And who wouldn’t take pride in hanging on so hard to the Affordable Care Act against her party’s yanking — eventually managing, with the help of McCain and Murkowski, to save it?

Underlying her record has been something deeper — a sense that is, as longtime ally Bob Tyrer puts it, “less an ideology than a theology,” grounded in the idea that government ought to work.

That means deeply researching every issue; it means following the textbook “regular order” of congressional business; it means pulling policy proposals away from the extremes so that members of both parties can summon the gumption to vote for them.

So, if you wanted to get things done and do it with a minimum of carping and backbiting, she has always been the reliable partner. Susan Collins, in other words, has stood for a version of the Senate of which people like Susan Collins are the most important members.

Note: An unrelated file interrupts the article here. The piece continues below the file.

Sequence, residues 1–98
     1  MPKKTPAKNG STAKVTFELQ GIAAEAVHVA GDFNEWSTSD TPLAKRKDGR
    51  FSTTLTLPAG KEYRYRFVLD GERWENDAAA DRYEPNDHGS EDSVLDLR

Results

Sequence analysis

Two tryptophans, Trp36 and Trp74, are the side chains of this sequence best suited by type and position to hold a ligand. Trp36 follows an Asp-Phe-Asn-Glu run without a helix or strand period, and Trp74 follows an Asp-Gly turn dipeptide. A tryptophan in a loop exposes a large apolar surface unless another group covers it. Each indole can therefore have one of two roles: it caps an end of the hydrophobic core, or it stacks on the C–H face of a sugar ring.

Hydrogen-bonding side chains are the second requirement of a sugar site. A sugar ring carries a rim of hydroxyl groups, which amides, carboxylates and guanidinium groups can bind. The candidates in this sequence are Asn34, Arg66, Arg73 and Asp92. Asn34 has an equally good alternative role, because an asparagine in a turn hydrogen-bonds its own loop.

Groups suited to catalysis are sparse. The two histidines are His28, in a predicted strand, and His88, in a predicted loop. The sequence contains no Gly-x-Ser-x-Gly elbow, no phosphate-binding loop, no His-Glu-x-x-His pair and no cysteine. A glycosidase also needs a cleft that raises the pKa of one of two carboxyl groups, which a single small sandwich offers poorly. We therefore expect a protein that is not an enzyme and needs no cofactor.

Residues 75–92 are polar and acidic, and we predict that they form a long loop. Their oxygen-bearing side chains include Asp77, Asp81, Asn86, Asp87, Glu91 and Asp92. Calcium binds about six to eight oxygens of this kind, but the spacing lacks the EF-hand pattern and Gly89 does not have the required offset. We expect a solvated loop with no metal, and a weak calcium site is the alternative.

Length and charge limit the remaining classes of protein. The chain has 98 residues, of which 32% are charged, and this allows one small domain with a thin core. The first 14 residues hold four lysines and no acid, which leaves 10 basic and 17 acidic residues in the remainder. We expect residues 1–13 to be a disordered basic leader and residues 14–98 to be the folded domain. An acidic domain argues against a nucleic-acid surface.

Certainly, Collins was the most important senator in 2018 when President Donald Trump nominated Brett M. Kavanaugh to the Supreme Court.

The question then was twofold: whether Collins, a pro-choice Republican, would vote for a pro-life Republican nominee. And: Did Collins buy whatever assurances Kavanaugh made to her in private that his respect for precedent ran so deep that he wouldn’t double back and overturn Roe v. Wade — or did she vote for him in order to stay on the right side of her party ahead of 2020?

Chief of Staff Abbott’s explanation — “Susan Collins confirms Supreme Court justices” — goes only so far. Yes, she puts on the bench nominees from presidents of both parties, pro-choice and pro-life alike, from Samuel A. Alito Jr. to Sonia Sotomayor to, most recently, Ketanji Brown Jackson. But she has made exceptions to preserve institutional norms, never to flout them.